The Fedora Project is currently undergoing a massive spam account creation and insertion problem. In the month of June, we saw over 14,000 accounts created just to put in various Quickbook and Antivirus scam web pages in order to get higher SEO search rankings in various search engines. There have also been some malicious pdf and docx files uploaded which would have potentially harmed people. The groups behind these campaigns have shown themselves to be organized and are using teams of people to solve various captchas and other "I am a human" tests to create more accounts.
The amount of spam caused several parts of the project to actually get delisted from various search engines with warnings that we needed to clean up the pages. However the amount of spam being created was more than our usual scripted cleanups as various pages would not be found until the next google or bing crawl. [I spent this weekend cleaning up pages from late 2015 and early 2016 which finally got 'used' and showed up in weblogs.]
Due to the nature of this, Fedora Infrastructure has had to implement multiple circuit breakers to slow down registration and web page creation to try and cut down the amount of bad accounts and webpages being inserted. Like any diagnostics test, it is not infallible and produces both false positives and false negatives.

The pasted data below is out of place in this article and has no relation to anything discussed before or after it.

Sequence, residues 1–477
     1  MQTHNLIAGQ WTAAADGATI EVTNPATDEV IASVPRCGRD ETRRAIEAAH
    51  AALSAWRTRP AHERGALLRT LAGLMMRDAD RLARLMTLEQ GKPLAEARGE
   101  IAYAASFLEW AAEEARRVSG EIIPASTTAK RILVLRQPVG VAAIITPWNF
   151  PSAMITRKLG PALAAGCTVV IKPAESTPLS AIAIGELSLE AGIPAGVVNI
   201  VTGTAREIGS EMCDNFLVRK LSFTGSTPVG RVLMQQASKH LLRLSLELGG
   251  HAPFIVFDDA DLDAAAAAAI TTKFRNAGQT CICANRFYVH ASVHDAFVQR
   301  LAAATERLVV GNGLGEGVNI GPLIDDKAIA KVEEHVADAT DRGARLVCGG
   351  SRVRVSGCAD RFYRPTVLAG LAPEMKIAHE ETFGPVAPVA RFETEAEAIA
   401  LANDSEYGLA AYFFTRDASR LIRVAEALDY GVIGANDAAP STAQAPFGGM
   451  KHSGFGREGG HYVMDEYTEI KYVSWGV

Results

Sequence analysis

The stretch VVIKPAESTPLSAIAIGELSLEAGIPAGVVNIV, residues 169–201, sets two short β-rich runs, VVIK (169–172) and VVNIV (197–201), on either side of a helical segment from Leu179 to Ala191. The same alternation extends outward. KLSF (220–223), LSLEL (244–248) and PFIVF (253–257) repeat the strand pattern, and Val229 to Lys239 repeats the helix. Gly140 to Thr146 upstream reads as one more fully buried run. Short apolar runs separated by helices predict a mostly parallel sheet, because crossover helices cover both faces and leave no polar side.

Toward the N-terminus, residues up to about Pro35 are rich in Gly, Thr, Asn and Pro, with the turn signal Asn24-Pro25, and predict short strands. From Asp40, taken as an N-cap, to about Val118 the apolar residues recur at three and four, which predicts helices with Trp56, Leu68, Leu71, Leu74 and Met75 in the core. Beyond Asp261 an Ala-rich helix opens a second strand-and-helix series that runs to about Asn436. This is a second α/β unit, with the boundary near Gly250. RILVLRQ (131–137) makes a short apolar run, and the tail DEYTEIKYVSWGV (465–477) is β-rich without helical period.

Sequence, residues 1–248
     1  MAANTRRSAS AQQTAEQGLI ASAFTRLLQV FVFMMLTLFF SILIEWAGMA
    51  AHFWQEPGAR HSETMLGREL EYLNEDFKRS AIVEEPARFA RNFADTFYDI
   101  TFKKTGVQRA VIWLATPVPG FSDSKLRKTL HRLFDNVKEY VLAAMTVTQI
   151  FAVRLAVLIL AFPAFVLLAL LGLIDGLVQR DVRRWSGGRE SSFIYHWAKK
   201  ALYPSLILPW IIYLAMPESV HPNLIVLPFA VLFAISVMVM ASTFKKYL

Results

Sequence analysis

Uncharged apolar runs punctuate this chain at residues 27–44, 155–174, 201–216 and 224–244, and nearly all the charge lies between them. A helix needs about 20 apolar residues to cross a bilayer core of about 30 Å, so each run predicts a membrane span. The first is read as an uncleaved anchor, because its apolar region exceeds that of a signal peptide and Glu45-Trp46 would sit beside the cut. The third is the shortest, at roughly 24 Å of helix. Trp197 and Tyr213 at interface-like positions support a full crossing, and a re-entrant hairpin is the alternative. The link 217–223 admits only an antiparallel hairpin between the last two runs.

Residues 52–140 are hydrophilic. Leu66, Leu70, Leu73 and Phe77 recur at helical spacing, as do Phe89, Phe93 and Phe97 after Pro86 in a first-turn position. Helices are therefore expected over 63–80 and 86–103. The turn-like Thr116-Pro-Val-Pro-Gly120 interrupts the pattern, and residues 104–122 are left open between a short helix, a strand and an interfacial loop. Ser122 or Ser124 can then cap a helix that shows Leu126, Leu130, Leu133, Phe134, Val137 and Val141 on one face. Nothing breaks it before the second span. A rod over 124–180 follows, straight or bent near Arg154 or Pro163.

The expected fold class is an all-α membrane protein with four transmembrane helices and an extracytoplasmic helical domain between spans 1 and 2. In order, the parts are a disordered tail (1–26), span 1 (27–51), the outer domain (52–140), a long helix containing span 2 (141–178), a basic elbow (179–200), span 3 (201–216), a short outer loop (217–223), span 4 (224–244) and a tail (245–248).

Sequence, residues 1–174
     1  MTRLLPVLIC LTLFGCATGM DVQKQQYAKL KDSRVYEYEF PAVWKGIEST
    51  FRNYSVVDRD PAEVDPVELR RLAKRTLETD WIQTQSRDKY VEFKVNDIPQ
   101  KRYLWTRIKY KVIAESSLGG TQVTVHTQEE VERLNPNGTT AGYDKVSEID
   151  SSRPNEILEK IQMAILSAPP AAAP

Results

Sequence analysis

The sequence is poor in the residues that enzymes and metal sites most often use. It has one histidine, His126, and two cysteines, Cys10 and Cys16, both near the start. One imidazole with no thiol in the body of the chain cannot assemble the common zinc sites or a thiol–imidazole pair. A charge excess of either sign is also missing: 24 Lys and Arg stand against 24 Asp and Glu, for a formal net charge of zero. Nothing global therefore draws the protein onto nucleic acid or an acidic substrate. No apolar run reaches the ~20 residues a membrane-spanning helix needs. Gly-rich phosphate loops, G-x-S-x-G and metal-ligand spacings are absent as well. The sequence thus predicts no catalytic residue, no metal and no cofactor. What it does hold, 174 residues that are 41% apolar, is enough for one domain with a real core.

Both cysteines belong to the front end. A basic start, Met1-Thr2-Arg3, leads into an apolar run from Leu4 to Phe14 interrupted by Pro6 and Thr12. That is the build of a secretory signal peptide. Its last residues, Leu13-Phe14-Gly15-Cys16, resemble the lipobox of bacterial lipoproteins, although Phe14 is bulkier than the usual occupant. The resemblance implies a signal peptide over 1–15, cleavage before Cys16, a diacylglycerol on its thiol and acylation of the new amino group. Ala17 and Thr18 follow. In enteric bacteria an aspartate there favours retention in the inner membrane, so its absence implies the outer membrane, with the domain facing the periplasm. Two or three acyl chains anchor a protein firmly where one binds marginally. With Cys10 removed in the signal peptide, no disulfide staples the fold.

In the case of false negatives, we eventually will get alerted by someone looking through the wikis and finding the spam we weren't able to find. In the case of false positives, we have closed an account for a bad review of the account.
If you have gotten spamchecked, please email email@example.com, and we will review the logs to see why this happened. This will take time however as we have found that most of the requests for review are now coming from the spam account openers.
I am sorry for the delay and problems this last 2 month's have become a "Tragedy of the Commons" where a small set of people have taken up a large amount of resources for their own benefit.
[For more details on the statistics and the various circuit breaker programs written, please look forward to various future blogs from various members of the Fedora Infrastructure.]